8/19/2016 9:35:14 AM
For Immediate Release:
With many Minnesota students headed off to college this month, Minnesota Commerce Commissioner Mike Rothman is encouraging families to do some advance homework on their students’ insurance needs while at school.
“Even as students look forward to college, they also need to think ahead to protect themselves against risks and unforeseen costs,” said Rothman, whose agency regulates the insurance industry. “Parents also want the peace of mind and financial security that insurance can provide when their child is away at school. It’s important to take some time to do your homework both to confirm what insurance coverage you already have and to shop around for any additional coverage that might be needed.”
Rothman offers the following tips for both parents and college students compiled by the National Association of Insurance Commissioners (NAIC).
If your student is taking a car to school, check with your agent about your current auto insurance policy. Ask about rates for the college’s city and state before deciding whether to keep the student’s car on the family’s policy.
If your student maintains good grades, let the insurance company know. Good grades can save money with a discount on the insurance premium.
The WreckCheck smartphone app from the NAIC will help if your student is involved in a crash. It offers a step-by-step process to create an accident report and file an insurance claim. WreckCheck is available free at the iPhone and Android app stores.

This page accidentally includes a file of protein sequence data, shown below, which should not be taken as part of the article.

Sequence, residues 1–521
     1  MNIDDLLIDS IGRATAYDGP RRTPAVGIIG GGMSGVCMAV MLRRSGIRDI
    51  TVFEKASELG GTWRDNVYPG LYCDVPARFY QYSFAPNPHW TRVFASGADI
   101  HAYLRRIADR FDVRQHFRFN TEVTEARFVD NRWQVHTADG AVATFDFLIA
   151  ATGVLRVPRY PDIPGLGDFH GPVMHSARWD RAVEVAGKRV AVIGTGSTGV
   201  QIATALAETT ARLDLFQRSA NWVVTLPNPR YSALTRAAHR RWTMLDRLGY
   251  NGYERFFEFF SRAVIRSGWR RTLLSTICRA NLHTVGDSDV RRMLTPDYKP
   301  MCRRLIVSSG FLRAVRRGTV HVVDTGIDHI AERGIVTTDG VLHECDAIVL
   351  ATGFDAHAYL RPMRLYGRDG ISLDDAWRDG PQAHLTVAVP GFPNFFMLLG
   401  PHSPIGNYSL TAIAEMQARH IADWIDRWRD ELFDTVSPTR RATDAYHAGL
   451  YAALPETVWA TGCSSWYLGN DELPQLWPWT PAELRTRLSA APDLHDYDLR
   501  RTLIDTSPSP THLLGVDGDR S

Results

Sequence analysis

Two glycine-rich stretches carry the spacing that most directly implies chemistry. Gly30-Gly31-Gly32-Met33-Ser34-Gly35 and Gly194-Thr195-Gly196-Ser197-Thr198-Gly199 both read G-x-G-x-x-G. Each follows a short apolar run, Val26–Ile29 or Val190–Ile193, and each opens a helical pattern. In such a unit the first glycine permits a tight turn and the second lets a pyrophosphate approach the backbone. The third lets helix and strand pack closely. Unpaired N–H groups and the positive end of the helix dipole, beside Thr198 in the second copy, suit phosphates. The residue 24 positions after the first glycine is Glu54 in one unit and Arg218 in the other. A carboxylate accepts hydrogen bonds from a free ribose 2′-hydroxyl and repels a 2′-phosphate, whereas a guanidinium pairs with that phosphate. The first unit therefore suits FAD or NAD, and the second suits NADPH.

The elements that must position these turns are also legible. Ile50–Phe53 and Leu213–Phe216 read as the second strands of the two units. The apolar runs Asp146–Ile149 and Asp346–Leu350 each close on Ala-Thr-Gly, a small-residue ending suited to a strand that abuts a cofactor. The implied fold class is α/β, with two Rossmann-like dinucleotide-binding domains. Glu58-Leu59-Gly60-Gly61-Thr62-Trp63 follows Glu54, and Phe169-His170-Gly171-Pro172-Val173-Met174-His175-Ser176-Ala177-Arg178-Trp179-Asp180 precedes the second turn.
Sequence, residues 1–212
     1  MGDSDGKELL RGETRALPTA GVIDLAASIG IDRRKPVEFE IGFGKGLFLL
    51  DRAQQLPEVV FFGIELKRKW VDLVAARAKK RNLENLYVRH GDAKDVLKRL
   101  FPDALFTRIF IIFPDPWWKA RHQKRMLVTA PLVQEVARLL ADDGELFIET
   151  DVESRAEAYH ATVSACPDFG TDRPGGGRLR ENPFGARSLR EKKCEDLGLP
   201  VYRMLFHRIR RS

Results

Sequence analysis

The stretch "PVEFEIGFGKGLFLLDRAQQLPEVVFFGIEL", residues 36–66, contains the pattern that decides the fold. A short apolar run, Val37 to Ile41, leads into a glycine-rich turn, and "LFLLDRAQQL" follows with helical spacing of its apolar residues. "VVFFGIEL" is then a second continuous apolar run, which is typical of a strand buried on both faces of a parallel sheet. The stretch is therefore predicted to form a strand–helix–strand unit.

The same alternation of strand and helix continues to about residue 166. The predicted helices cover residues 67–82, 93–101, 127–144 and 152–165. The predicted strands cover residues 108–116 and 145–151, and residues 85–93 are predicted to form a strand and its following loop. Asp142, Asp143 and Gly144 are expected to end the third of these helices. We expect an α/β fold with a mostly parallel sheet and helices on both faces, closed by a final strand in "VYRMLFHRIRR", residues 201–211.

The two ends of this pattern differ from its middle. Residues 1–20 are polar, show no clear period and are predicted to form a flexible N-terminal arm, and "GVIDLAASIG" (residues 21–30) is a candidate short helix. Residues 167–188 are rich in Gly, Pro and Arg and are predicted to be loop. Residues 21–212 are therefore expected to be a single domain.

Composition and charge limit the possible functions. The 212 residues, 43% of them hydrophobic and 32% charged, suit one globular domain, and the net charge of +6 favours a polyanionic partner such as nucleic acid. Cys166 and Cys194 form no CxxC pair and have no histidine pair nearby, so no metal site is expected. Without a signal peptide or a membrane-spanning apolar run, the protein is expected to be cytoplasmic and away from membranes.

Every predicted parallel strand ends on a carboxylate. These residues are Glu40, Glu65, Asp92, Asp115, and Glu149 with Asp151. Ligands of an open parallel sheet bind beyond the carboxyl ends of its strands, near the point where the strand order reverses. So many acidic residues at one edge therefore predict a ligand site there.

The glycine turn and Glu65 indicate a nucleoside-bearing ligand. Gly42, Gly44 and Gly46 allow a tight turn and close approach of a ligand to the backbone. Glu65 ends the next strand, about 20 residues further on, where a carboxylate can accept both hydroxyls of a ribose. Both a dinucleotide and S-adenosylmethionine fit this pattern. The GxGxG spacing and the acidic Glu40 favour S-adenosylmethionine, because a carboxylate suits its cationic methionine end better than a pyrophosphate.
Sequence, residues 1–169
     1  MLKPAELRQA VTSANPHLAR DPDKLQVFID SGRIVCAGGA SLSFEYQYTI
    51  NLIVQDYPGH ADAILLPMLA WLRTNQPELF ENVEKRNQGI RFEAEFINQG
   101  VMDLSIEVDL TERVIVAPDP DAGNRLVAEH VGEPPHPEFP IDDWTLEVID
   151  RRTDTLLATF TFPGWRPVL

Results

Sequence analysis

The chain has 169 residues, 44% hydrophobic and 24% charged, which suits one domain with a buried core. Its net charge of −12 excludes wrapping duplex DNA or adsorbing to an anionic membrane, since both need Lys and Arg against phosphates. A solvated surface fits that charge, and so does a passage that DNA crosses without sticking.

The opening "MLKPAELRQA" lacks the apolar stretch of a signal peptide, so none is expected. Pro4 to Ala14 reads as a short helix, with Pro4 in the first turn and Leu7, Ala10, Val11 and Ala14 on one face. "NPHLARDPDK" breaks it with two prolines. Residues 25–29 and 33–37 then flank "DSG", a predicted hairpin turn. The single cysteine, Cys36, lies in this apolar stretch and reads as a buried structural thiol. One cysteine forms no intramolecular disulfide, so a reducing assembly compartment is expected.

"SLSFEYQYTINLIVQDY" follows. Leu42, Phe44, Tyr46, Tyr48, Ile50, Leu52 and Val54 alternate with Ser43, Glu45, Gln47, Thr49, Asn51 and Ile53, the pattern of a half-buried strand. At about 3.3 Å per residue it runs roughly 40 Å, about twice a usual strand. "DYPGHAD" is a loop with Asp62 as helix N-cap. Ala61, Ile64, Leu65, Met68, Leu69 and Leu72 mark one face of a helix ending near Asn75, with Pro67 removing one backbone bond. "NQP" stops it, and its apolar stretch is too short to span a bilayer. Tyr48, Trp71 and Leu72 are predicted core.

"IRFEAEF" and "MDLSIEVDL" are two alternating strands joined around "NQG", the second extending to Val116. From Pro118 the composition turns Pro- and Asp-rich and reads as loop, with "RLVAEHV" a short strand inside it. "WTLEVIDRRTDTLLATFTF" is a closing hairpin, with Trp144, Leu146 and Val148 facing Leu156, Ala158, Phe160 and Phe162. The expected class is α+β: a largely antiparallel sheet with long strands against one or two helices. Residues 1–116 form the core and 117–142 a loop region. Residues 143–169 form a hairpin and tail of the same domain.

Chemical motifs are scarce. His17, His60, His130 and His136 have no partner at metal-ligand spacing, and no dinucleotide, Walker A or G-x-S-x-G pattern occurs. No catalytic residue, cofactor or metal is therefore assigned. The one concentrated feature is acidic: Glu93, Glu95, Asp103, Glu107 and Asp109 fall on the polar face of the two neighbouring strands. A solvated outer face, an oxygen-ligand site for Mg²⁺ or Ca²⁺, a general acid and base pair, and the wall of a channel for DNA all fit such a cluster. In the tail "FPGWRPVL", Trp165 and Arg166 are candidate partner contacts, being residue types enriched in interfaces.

Many students bring thousands of dollars’ worth of personal items to school, including electronics, furniture and bicycles.
If your student is living on campus, confirm with your agent that your homeowners policy will cover the student’s personal possessions. If the student is living off campus, renters insurance should be considered because the landlord’s policy will not cover a renter’s damaged or stolen personal property. Renters insurance can also provide liability coverage against a medical claim or lawsuit if, for example, someone slips and gets hurt while at your apartment.
Students should maintain an up-to-date inventory list of personal possessions and keep it in a secure location. A photo or video inventory is even better.
The NAIC offers a smartphone app that makes it easier to document your student’s valuables and store the information for easy access when needed. It’s available free at the iPhone and Android app stores. If you prefer the low-tech method, the Minnesota Commerce Department website also offers a Home Inventory Checklist that can be printed out and completed.
Nearly all young adults up to age 26 can now stay on their parents’ health insurance plans because of the Affordable Care Act. Marital status, financial dependency, enrollment in school and location don’t affect this option.
If the family insurance plan has a network of preferred medical providers, confirm that in-network providers are available where your student is attending college. That can make a big difference for out-of-pocket costs for care. At school, students should have their health insurance cards and know how and where to seek medical treatment.
Another coverage option is a student health insurance plan purchased through the college. Check with your college about availability and the details of coverage and costs.
If you have a question or concern about insurance, contact the Commerce Department’s Consumer Services Center by email at firstname.lastname@example.org
or by phone at 651-539-1600 or 800-657-3602 (Greater Minnesota).
Director of Communications
Minnesota Department of Commerce
P: 651-539-1463 | C: 651-368-5050 | email@example.com